31 January 2007

What defines your day?

What defines your day? Everyone has some framework that forms that basic structure of how they think about the passage of the day. For many people, it is the time-clock as their day is defined by what time they get to work and what time they get to leave. For others it is some pleasure—the enjoyable pursuit they can’t wait to engage in—like a hobby, a movie, or exercise. Family can also define your day as the goal of how you structure your day is to get home as early as possible to spend time with family. Appetite can even be a framework of the day as you move from one meal to the next.

I was thinking about what defines my day as 2007 was drawing near and I was considering what targets I was going to set for the year (I personally prefer “target” over “resolution” as it is something out there that I keep shooting at—hit or miss. Resolution sounds like something internal that, once broken, has to be resolved all over again. Tom Harmon’s comments the other day definitely echoed this thought). I decided that I wanted to figure-out a way to frame my days more consciously, regularly, and meaningfully around my connection with God.

Like most Christians (a recent Barna study notes that “9% of Christians identified prayer as the most fulfilling spiritual activity they undertake” and only 4% listed “having a better prayer life” as “their top priority for spiritual change.”), I long for more quality and quantity in my prayer life. I’m not altogether sure what either of those terms, quality and quantity, means in this case. Jesus taught His followers a prayer that was awfully short (doesn’t meet my expectations for quantity), but a prayer whose essential request that we would show God as holy by doing His will and establishing His kingdom as it happens in heaven (a quality far surpassing the laundry list of things I typically want God to do when I pray). As I understand it, prayer at its most fundamental is coming into intimate union with God. And, as Christians pray together, they are also brought into communion with each other.

I’ve tried all kinds of things to improve my prayer. In groups, I’ve tried Wednesday night prayer gatherings, all-night prayer vigils, and small group prayer. Individually, I’ve tried scheduling prayer and praying for a certain amount of time. Online prayer sites have helped me to pray prayers that are bigger than my own thinking and practice. I’ve tried engaging in ongoing conversation with God throughout the day, letting this serve as seamless ongoing prayer in the midst of everything else. I’ve written my prayers in journals. Special places and postures that lead me to a greater sense of God’s presence (e.g. praying by a lake at sunrise while kneeling) are another avenue that I’ve tried. Praying Psalms and other scripture is also something that I’ve done. Each has been helpful in some regard for a time.

One of the things that I have not tried is something that the majority of Christians over the last two thousand years have done. It is something that was part of the spiritual life of the ancient Jews, appears to have been followed by Jesus Himself, and according to the Didache’s record of early Christian practice was adopted by His followers as well. I might as well give it a try.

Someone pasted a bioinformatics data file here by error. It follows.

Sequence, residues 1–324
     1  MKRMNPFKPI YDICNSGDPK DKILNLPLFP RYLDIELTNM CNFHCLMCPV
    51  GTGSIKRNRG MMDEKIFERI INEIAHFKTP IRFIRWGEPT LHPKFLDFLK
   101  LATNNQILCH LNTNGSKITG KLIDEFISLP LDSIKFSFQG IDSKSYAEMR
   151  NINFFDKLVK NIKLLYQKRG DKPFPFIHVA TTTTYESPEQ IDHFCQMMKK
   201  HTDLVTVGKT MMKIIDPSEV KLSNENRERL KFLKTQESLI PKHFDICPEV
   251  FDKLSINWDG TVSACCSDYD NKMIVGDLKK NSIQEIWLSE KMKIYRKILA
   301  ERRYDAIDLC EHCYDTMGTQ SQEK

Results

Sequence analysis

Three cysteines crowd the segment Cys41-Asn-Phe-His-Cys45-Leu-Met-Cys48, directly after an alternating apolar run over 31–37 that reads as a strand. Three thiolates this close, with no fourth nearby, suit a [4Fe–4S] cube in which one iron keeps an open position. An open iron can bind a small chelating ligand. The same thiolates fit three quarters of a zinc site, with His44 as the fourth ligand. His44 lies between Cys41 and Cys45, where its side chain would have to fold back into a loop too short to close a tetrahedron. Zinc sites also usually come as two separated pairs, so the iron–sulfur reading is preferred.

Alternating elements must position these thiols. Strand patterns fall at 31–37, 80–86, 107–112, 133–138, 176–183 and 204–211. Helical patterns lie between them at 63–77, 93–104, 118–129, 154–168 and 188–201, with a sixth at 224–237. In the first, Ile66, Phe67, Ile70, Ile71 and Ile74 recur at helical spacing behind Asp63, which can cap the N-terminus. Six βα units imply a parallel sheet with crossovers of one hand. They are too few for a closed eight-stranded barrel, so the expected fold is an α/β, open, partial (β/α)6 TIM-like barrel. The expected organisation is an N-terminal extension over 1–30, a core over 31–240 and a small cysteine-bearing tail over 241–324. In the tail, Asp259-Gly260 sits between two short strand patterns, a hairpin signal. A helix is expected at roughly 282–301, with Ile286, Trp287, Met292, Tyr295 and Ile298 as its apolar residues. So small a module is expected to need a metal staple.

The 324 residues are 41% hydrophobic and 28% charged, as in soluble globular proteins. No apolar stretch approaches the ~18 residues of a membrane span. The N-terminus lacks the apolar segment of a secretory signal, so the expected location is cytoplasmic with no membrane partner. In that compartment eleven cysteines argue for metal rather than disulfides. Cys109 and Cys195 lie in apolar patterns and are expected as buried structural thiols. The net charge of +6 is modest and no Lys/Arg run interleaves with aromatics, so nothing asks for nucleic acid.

It’s know by a lot of different term—the daily offices, the divine hours, the sacred rhythm. It can be three times a day or seven times a day. You can use the Book of Common Prayer (Anglican), the Liturgy of the Hours (Roman Catholic), A Manual of Easter Orthodox Prayer (Eastern Orthodox), something more recent like the Divine Hours (Non-Denominational), other prayer books, or pray your own spontaneous prayers. Regardless of the choices you make in these, each seeks to order one’s days around a framework of prayer embodied in the regular rhythm and priority of communion with God. Each serves to bring Christians together in common prayer simultaneously though physically apart. And, all guide Christians to hold fast to the essentials of our faith while helping us escape the limited confines of our own prayer patterns.

All of this is by way of introduction to my target. I’ve set about trying to pray at 9:00 am, 3:00 pm, and 9:00 pm each day. I’m struggling with this—particularly the 9:00 pm time which normally finds me distracted and tired in the middle of family stuff. But, the mere existence of that struggle three times a day is something that I’m pleased to have present as a reminder. I’m using the Celtic Daily Prayer Book which is the product of the Northumbria Community in northern England near Lindisfarne and is based on sixth- and seventh-century Celtic Christian writings. Each has their emphases and limitations, but also strengths and virtues--much like my own prayers.

I hope this post was a good introduction for those of you unfamiliar with the practice. It’s good accountability for me. Feel free to ask me how it’s going. I’ll update you as the year goes on. If this is all new to you, here's a brief history of fixed-hour prayer.

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